By Zach Drucker
In a Presidential election like no other, San Francisco voters came out in full force for the November 2020 election and tied a 1944 San Francisco record in the process with voter turnout at 86 percent. This record-high voter turnout boosted engagement on many of the local ballot measures, which many voters usually leave blank. Maybe it was the mail-in ballots or the litany of unprecedented issues facing the City, but San Francisco voters participated heavily in the local races and played a key role in deciding what direction the City should take. Let us break down the November 2020 election results and explore what the outcomes mean for the future of San Francisco.
Right before mail-in voting started in San Francisco, sf.citi released our November 2020 Election voter guide to detail where we stood on the 13 local ballot measures. Take a look below to see how our recommendations stacked up with the November 2020 San Francisco election results.
COMPARING sf.citi’s RECOMMENDATIONS TO THE RESULTS
With all of the ballot measures results officially certified, sf.citi aligned with San Francisco voters on eight of the 13 measures. Voters ended up supporting all four measures we opposed (Proposition B, Proposition F, Proposition I, and Proposition L). They also opposed one of the measures we supported (Proposition G). Ultimately, only one measure did not pass and each of the three ballot measures that needed to surpass the two-thirds vote threshold (Proposition A, Proposition J, and Proposition RR) did so easily—by no means an easy feat to accomplish.
KEY TAKEAWAYS OF THE NOVEMBER 2020 SAN FRANCISCO ELECTION
Increasing Taxes During a Pandemic and Economic Recession
San Francisco voters overwhelmingly supported the three business taxes on the San Francisco ballot: Proposition F, Proposition I, and Proposition L. Combined, these taxes will bring upward of $333 million in annual revenue. That is a significant amount of funding for any city and especially for a city like San Francisco, which currently faces a $1.5 billion budget deficit. At face value, these taxes appear to be exactly what the City needed. On closer inspection, however, some of the unintended consequences of these business tax hikes could worsen San Francisco’s economic recovery from the COVID-19 pandemic.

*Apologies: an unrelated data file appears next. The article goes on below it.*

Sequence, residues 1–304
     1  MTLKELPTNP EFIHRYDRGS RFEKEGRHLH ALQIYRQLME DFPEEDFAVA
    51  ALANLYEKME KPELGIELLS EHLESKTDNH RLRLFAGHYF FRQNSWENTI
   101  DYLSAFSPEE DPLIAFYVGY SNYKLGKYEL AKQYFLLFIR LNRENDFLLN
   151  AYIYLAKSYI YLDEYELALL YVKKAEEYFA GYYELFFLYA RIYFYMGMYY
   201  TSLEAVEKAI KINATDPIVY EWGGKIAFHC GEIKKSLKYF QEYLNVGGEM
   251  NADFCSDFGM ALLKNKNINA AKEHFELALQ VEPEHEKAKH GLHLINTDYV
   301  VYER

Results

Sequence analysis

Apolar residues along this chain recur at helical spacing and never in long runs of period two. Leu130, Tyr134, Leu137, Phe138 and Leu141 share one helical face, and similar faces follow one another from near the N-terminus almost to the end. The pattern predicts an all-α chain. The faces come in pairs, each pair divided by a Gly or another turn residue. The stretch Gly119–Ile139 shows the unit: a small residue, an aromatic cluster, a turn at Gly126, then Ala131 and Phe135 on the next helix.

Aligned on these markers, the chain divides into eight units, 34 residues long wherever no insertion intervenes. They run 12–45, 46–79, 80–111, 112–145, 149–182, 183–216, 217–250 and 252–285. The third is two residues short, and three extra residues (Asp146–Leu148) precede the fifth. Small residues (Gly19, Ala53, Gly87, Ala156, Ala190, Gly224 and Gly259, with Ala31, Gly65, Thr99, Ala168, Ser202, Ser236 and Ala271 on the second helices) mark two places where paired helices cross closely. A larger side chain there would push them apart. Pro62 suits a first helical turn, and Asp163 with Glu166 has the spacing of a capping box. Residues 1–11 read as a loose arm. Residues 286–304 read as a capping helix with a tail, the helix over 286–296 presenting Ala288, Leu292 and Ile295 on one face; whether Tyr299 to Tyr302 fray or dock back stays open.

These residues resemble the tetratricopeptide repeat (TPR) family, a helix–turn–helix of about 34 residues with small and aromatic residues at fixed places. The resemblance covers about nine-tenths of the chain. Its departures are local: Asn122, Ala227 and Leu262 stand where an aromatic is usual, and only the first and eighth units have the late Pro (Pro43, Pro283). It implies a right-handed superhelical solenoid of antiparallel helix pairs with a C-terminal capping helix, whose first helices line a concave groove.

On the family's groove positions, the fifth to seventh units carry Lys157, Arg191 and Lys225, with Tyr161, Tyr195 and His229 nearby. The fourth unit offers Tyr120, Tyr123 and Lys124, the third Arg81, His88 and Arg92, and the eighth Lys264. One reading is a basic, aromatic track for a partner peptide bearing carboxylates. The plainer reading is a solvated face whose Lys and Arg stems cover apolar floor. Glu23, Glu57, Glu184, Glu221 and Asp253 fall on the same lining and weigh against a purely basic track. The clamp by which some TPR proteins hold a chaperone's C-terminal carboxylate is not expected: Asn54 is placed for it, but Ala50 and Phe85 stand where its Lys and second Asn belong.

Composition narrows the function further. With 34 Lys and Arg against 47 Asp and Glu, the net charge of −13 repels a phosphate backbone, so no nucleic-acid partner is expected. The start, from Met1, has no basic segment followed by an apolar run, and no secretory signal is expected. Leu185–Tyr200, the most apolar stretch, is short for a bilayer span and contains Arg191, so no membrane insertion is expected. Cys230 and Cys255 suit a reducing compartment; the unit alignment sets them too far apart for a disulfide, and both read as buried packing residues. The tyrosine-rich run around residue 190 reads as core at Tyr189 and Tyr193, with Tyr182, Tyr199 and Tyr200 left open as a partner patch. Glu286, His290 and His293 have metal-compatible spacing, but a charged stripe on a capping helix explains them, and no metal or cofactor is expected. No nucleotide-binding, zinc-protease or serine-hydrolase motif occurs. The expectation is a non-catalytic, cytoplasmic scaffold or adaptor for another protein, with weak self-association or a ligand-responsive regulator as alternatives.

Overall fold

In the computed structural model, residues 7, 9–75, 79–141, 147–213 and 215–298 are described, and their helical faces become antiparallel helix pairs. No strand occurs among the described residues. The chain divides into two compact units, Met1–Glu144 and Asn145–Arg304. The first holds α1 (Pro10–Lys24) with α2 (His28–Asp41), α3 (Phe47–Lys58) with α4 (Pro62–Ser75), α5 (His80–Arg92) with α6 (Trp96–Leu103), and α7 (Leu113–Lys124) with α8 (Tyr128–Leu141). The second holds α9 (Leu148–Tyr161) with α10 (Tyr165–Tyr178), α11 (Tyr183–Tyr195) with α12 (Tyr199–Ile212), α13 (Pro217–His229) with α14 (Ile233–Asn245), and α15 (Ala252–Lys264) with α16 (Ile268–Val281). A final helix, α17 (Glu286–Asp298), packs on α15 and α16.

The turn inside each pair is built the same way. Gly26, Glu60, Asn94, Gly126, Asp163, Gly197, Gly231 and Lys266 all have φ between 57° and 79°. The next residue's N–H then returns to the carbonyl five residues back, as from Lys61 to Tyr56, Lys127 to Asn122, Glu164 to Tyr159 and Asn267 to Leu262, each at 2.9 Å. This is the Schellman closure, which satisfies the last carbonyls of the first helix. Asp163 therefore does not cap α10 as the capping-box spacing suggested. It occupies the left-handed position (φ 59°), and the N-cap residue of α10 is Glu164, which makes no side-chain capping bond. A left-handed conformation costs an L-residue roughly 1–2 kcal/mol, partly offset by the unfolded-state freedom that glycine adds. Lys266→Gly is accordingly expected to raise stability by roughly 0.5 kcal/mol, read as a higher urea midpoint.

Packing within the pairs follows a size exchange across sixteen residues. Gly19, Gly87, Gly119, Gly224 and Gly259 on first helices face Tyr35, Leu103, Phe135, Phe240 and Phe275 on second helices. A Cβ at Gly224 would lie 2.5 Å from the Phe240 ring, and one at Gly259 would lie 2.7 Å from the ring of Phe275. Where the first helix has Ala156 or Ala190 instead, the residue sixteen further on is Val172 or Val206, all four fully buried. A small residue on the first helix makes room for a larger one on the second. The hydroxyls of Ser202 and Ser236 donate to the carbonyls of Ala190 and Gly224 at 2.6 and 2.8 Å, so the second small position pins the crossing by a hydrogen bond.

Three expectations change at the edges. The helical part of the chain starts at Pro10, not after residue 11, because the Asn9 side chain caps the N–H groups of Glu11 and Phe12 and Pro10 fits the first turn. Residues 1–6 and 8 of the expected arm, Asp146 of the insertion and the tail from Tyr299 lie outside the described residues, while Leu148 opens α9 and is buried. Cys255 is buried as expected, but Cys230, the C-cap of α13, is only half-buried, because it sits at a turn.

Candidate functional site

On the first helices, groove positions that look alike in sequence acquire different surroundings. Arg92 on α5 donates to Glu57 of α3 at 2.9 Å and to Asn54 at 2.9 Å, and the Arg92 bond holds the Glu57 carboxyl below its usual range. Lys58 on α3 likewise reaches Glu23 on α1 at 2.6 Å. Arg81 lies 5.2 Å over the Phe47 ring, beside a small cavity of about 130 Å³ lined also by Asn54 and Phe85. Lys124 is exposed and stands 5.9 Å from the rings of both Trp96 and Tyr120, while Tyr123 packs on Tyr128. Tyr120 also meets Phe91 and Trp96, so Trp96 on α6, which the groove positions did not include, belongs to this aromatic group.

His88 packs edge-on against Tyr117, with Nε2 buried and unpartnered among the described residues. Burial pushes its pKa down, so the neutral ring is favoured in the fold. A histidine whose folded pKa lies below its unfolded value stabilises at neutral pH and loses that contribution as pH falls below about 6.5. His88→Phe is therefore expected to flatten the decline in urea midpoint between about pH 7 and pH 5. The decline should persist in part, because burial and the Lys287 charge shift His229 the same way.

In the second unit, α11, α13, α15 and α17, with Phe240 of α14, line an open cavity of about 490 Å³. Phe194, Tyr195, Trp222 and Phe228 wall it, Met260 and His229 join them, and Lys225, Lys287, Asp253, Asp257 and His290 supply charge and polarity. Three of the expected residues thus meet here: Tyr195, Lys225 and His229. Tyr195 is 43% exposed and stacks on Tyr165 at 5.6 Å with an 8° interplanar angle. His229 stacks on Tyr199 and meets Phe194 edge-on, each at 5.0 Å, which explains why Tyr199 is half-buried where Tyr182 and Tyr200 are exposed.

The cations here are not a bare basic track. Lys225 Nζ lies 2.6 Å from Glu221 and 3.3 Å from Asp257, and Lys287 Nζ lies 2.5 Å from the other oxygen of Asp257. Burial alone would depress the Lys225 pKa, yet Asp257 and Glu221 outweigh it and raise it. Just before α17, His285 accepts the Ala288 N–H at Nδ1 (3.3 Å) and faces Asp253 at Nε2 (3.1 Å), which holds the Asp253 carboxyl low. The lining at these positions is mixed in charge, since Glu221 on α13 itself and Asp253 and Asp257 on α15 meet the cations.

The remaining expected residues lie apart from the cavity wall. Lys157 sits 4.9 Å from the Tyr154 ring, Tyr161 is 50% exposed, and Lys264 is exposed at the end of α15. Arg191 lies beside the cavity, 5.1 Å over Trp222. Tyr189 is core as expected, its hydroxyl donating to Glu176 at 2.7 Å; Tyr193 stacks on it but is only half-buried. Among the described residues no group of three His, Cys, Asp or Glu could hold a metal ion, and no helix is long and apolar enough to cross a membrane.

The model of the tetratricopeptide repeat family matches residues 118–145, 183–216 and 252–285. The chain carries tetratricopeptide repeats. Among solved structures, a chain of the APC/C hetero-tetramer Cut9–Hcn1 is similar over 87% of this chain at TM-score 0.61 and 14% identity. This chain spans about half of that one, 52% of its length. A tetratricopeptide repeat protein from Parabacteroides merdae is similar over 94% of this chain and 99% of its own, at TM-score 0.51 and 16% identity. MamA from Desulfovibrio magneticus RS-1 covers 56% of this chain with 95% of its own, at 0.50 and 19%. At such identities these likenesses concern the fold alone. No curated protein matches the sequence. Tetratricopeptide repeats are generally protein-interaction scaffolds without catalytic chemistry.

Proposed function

Let us start with Proposition F. This measure will eventually add up to $97 million in new revenue by phasing out the payroll expense tax and increasing the gross receipts tax (GRT) rates for certain industries over several years. The tech industry, for example, could now end up paying double the tax rate of comparable cities, including our West Coast rival Seattle. While an overhaul of the City’s GRT was long overdue, the timing of the tax could not be worse.
Already facing an economic downturn and the continued economic volatility of the pandemic, many companies in and out of the tech industry have yet to find their footing. It was only a few months ago that many San Francisco tech companies conducted widespread layoffs. At the end of the day, this new tax increase does not bode well for businesses at every stage—fledgling, struggling, or looking to expand—who now have another reason (among the many that existed before the pandemic) to look for a more welcoming city.
Furthermore, it is no secret that the remote work phenomenon will fundamentally change the tech industry and the future of office space in San Francisco and beyond. With a growing number of tech leaders in the City announcing remote-first policies and a mass “dumping” of office space—including a sublet of 100,000 square feet at Twitter, the leasing of one-third of Dropbox’s brand new office, and a nearly $95 million penalty to break a lease at Pinterest—the shift to remote work is real. Doubling down on tax revenue generated by the presence of tech companies in the City at a time when many are moving away from in-person work is not only naive, but willfully blind to the situation at hand. Unfortunately, this threat was confirmed earlier this week when City Controller Ben Rosenfield announced that the City had not met its projected tax revenue targets. San Francisco now faces an additional budget deficit of $116 million due, at least partially, to the continuation of remote work.
With the passage of Proposition I, the transfer tax rate will double on certain sales and leases of 35 years or more of real estate with a price of at least $10 million. While this measure is estimated to bring in—at most—$196 million a year to San Francisco’s general fund, that price has been deemed highly volatile as the taxable assets can be difficult to predict. To make matters worse, the City Controller’s economic impact report ultimately found that the tax would have a net negative impact on San Francisco’s economy, with a decrease of $50 million in the City’s GDP and a loss of 625 jobs. The report also found that the increased transfer tax could strain San Francisco’s real estate market and stymy new development, thus drastically affecting the construction of affordable housing.